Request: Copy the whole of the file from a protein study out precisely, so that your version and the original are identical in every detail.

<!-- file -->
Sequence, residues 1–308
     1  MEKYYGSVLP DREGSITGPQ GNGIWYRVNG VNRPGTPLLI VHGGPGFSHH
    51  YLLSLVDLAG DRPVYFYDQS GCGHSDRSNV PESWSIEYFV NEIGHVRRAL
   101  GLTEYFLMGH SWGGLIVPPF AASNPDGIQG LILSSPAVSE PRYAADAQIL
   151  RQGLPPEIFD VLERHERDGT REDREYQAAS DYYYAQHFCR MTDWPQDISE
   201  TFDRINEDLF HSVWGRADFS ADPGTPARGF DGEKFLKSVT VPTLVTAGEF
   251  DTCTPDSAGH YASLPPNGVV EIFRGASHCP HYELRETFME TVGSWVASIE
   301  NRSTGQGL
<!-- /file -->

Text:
Sequence, residues 1–308
     1  MEKYYGSVLP DREGSITGPQ GNGIWYRVNG VNRPGTPLLI VHGGPGFSHH
    51  YLLSLVDLAG DRPVYFYDQS GCGHSDRSNV PESWSIEYFV NEIGHVRRAL
   101  GLTEYFLMGH SWGGLIVPPF AASNPDGIQG LILSSPAVSE PRYAADAQIL
   151  RQGLPPEIFD VLERHERDGT REDREYQAAS DYYYAQHFCR MTDWPQDISE
   201  TFDRINEDLF HSVWGRADFS ADPGTPARGF DGEKFLKSVT VPTLVTAGEF
   251  DTCTPDSAGH YASLPPNGVV EIFRGASHCP HYELRETFME TVGSWVASIE
   301  NRSTGQGL